The 2017 Winter School: Contexts of Indigenous Culture - December 11-13, 2017

The Interdisciplinary Initiative (IDI) in Applied Indigenous Scholarship invites applications from administrative staff members at The University of Western Ontario and its Affiliate Colleges to submit applications for our 2017 Winter School: Contexts of Indigenous Culture.

The winter school will take place December 11 - 13 2017 and will involve cultural awareness activities, a community visit, and meaningful space for dialogue and relationship building among culturally knowledgeable trainers, local community members and winter school participants. Read more

Becoming Researchers: Summer Institute in Indigenous Research

August 7th - 10th 2017

The primary goals of the Summer Institute are to support scholarship that enables Indigenous self-determination, and to explore and participate in research activities that reflect Haudenosaunee ways of knowing. Animate inquiry through story stems from Haudenosaunee belief that natural forces in constant motion renews life, just as story told, again and again, maintains and transforms lifeways. We build upon the idea that bringing culture and research to life allows students to create a context in which they interpret the world with them in it.

Applied Indigenous Scholarship Welcomes New Fellow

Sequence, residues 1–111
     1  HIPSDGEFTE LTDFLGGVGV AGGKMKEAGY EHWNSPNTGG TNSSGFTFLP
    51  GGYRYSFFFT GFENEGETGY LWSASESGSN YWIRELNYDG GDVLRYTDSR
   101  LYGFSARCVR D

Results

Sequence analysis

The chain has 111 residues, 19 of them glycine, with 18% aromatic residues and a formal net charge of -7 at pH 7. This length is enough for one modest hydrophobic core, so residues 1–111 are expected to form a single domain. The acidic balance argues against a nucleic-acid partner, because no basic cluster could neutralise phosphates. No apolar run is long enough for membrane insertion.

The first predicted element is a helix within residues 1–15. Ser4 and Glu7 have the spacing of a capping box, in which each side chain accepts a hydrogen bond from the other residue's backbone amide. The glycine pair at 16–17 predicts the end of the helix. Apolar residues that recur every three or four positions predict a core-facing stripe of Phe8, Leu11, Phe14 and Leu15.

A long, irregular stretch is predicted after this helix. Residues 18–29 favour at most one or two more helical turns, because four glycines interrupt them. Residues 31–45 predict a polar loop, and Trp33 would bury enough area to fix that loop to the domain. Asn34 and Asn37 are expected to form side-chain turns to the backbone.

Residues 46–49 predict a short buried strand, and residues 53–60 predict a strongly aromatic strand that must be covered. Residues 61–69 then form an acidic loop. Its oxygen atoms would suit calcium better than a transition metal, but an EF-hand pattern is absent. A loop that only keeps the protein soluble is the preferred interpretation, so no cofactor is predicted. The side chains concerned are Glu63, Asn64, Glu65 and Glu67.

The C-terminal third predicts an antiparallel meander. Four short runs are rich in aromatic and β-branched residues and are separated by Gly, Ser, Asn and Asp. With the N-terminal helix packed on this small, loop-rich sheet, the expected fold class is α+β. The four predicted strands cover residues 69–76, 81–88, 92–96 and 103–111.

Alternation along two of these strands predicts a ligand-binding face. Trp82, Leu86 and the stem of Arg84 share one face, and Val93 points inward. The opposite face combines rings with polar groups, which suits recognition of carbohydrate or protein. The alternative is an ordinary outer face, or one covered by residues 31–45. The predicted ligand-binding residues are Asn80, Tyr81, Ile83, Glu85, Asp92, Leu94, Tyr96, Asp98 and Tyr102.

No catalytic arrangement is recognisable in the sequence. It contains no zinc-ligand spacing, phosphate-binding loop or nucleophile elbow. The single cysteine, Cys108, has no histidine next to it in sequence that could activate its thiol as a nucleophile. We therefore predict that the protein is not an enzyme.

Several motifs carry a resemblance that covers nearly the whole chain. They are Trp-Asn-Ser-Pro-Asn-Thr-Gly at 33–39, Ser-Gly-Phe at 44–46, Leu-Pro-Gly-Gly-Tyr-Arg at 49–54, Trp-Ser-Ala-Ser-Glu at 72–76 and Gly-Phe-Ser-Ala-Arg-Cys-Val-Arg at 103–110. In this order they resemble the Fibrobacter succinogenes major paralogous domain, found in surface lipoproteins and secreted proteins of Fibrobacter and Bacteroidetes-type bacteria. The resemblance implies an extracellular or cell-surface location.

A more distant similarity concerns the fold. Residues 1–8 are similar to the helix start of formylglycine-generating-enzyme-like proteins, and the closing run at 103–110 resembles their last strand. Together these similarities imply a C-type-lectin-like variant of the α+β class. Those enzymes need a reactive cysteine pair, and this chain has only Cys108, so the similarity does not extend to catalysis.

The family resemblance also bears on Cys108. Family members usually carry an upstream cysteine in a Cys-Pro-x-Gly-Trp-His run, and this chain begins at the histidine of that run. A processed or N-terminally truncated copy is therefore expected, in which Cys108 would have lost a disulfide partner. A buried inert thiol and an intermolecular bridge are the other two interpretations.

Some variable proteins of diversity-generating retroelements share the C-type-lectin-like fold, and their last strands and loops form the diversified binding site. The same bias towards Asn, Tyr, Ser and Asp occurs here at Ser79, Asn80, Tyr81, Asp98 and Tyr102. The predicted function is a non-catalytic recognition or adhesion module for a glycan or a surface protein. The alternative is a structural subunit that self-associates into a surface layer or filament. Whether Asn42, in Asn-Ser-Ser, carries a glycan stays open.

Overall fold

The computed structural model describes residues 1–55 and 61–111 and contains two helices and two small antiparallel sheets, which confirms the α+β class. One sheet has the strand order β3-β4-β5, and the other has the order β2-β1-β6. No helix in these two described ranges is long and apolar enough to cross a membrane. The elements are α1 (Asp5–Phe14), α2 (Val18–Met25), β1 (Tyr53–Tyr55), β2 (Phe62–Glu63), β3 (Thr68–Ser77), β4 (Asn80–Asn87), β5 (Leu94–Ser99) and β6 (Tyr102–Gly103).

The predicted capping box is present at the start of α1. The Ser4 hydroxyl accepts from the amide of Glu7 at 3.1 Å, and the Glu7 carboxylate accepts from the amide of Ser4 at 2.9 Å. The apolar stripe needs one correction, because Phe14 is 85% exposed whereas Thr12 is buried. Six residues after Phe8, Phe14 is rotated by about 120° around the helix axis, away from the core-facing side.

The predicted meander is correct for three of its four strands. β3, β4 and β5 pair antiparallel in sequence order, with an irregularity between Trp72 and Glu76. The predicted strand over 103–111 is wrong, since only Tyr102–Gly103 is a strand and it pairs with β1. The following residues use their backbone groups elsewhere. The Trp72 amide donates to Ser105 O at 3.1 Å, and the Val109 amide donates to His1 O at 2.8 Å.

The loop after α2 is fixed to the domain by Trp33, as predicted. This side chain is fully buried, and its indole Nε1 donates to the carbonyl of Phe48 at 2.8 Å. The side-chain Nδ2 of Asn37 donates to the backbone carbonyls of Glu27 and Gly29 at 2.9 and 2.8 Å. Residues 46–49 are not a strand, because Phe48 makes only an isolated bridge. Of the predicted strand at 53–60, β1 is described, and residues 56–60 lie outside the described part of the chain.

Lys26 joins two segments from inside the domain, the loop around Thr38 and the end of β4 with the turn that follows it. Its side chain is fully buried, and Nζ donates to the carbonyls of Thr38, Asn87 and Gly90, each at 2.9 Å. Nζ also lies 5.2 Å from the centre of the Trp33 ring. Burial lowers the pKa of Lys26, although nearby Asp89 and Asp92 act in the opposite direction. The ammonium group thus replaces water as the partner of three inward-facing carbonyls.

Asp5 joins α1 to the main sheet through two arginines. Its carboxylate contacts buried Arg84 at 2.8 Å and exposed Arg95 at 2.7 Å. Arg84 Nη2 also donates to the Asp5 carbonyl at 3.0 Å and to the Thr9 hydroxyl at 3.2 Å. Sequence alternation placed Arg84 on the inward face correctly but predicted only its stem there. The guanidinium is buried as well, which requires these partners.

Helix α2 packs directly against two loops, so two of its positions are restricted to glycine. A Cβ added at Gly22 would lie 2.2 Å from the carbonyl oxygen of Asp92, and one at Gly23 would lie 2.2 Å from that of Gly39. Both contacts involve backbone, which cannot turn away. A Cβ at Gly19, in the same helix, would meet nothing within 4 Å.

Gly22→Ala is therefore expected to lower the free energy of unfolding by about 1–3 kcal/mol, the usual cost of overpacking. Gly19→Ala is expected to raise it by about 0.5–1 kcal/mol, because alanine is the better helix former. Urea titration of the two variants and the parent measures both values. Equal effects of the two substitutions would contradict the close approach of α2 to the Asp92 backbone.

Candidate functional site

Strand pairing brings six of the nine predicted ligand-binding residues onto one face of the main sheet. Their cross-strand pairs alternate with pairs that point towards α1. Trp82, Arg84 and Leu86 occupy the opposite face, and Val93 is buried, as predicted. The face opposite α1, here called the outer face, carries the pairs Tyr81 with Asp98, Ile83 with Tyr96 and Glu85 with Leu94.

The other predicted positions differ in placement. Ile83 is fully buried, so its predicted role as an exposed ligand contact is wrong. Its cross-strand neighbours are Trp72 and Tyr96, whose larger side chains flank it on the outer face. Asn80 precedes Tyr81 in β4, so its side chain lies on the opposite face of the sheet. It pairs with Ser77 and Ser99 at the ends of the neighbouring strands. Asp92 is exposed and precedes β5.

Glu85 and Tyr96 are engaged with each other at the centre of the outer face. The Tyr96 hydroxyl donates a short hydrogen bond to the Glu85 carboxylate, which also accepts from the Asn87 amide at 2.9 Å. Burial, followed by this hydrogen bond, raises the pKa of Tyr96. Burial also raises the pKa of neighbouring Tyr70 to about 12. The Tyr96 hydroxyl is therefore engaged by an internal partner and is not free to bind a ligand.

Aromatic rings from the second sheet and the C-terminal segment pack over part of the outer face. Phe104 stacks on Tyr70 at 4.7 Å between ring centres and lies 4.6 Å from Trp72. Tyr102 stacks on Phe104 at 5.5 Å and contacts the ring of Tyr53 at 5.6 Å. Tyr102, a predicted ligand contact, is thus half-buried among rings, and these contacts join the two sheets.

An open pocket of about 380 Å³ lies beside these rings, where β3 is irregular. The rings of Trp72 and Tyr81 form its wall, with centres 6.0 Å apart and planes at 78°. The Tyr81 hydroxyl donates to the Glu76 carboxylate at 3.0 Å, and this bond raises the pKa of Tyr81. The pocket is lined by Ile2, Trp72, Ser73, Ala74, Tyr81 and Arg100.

Gloria ThomasWe are thrilled to announce our new Postdoctoral Fellow! Dr. Gloria J Thomas is Hodinohso:ni from Six Nations of the Grand River Territory, a member of the Onondaga Nation, Deer Clan. As researcher and writer, she has participated in national, provincial and First Nations studies and curriculum projects to develop community-based models for Indigenous education. Gloria completed a PhD in Cultural and Policy Studies at Queen’s University in 2013 where she served as instructor and Academic Liaison for the Aboriginal Teacher Education Program. Active in the graduate studies program, Aboriginal and World Indigenous Education Studies (AWIES), Gloria developed and instructed a course in Education Research Methods in an Indigenous context. Her interest to design Indigenous methodologies naturally leads Gloria to narrative, story and autoethnography as methods of qualitative inquiry. Having studied creative writing with various Indigenous authors and writing cooperatives, including a scholarship at Banff Center for the Arts, Gloria secured OGS and SSHRC funding and bursaries from The National Aboriginal Achievement Foundation (NAAF) to define creative scholarly research in an Indigenous paradigm which is the topic of her dissertation. She has published articles in McGill Journal of Education (MJE) and the Journal for World Indigenous Nations Higher Education Consortium (WINHEC). Gloria presented research papers at Trent University: Celebrating Indigenous Knowledges; CSSE; Congress of Qualitative Inquiry at Urbana-Champagne; and Jagiellonian University and Pauza Foundation for Contemporary Art in Cracow, Poland.  During her time in the IDI, Gloria will work on various interdisciplinary activities, including a 2017 summer school in Haudenosaunee knowledge, the 2017 winter school in cultural competency, and the development of a Purple Guide for Indigenous leaners.  She will also continue with her own fascinating research, and is working on the draft of her manuscript “Finding Tadodaho: An Autoethnography of healing historical trauma,” to be published by Routledge.